Battlefield Academy - Blitzkrieg France22 Feb 2011 0
France is the battlefield.
Battlefield Academy is a turn-based strategy game set in World War 2 that pits players against the AI (or other players) in war-torn Europe. Whether it?s tearing out from the Normandy landings or engaging the Germans in the Battle of the Bulge, players can expect a tough experience.
Recently released by Slitherine Strategies is the expansion Blitzkrieg France. This new expansion gives players the chance to play as the Germans as they invade France in 1940, complete with authentic units and new features not seen previously in Battlefield Academy. Is the additional campaign, units and features worth it? Let?s proceed.
Blitzkrieg France brings with it nine single player missions, four multiplayer missions, 25 new units with authentic and period camouflage and paintjobs, and new bonuses such as rally and resupply. A majority of these new units are French and early-war German units such as Somua 35 Heavy Tank and the Panzerjager I. These new units are a delight to use in battle as they were designed, since historically German tanks were generally under-gunned but could use their superior maneuverability to penetrate defenses and attack weak points. This strategy is important to a majority of the missions that you battle in, since you cannot go head to head with some of the heavy tanks.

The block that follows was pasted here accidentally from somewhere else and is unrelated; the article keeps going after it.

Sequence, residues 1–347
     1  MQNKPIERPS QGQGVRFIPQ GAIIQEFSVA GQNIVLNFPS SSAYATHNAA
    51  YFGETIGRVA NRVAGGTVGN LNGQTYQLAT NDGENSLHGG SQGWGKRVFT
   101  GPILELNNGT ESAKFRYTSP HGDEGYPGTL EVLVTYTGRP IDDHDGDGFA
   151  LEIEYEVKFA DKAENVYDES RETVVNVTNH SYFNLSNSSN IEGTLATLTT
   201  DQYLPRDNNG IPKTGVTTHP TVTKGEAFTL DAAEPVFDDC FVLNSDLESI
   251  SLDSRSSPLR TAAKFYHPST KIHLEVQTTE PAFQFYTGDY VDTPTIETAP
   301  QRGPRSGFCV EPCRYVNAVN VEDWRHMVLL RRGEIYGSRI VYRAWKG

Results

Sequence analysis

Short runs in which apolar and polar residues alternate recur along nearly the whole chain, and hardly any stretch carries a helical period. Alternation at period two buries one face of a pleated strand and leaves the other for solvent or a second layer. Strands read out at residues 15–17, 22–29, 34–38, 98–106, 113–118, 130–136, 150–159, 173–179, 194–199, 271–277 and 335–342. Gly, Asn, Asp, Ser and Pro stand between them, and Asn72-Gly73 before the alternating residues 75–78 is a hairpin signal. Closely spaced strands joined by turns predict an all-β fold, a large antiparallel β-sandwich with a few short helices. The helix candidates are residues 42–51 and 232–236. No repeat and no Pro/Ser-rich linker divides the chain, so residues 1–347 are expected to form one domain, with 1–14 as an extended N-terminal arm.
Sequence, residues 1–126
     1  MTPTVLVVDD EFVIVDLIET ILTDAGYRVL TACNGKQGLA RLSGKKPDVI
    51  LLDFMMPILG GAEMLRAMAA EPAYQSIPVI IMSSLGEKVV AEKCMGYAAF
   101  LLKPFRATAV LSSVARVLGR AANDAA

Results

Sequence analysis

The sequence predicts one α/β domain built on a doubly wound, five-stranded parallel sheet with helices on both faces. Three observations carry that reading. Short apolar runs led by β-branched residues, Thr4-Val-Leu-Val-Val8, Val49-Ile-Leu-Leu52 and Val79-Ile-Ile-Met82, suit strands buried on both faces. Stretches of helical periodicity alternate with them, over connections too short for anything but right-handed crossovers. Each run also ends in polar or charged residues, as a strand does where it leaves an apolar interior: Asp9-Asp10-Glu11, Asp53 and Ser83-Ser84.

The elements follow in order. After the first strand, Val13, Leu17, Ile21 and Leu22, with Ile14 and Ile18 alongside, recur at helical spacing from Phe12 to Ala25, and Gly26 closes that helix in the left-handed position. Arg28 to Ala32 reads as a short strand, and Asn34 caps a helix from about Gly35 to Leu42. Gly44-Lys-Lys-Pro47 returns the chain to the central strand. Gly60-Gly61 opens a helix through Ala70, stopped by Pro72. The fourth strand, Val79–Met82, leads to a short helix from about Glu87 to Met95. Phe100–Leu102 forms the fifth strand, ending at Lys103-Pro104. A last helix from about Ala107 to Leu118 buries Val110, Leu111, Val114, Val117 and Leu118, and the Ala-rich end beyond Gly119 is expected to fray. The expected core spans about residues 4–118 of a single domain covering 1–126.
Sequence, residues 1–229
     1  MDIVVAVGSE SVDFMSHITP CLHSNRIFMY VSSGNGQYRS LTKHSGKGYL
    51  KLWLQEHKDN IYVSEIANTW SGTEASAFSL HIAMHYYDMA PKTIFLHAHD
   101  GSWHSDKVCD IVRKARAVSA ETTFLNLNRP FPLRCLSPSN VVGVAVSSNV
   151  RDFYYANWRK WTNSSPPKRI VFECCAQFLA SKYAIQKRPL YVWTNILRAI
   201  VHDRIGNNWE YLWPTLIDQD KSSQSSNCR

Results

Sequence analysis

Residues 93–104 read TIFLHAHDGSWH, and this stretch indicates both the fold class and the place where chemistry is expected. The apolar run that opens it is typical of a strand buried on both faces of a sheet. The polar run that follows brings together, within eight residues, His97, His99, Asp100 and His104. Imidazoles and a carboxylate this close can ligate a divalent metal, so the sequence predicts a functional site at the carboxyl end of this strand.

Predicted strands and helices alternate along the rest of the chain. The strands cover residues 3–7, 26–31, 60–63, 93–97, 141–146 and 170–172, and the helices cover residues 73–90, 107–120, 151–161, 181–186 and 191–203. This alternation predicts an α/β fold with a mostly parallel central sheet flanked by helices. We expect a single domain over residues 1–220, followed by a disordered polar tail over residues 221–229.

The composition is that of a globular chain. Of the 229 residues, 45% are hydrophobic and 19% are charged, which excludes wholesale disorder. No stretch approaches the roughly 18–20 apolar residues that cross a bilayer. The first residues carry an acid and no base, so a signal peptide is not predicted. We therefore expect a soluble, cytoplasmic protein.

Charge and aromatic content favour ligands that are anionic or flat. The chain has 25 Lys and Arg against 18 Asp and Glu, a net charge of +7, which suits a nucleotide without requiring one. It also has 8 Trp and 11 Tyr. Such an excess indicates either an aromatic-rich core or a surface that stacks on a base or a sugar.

Blitzkrieg France looks incredibly deceiving at first glance. Those that are unfamiliar with the Battlefield Academy series may give it a quick look and notice its simple interface and somewhat deformed units. Hiding under all this is a game that will give a lot of players a rather surprising challenge. You cannot just stroll up to other units thinking that because you are a big tank that you?ll survive a slugging match against other units. You?ll have to be wary of your units morale dipping as it is hammered by enemy fire, which can cause it to retreat, rout or even surrender outright.
Playing Blitzkrieg France is no big issue for experienced wargamers. Your units move in a grid format, with each tile having cover or movement bonuses depending on the unit itself. Roads are faster than fields, with a chance of a vehicle being bogged down if it?s driving about in the field. Attacking, when in range, displays chance of penetration, damage, and so forth. This can all be easily done with the mouse. In fact you can play the game entirely without ever touching the keyboard. It is this ease of control that lets players focus on small unit tactics and combined arms. With Blitzkrieg France, you?re going to need it.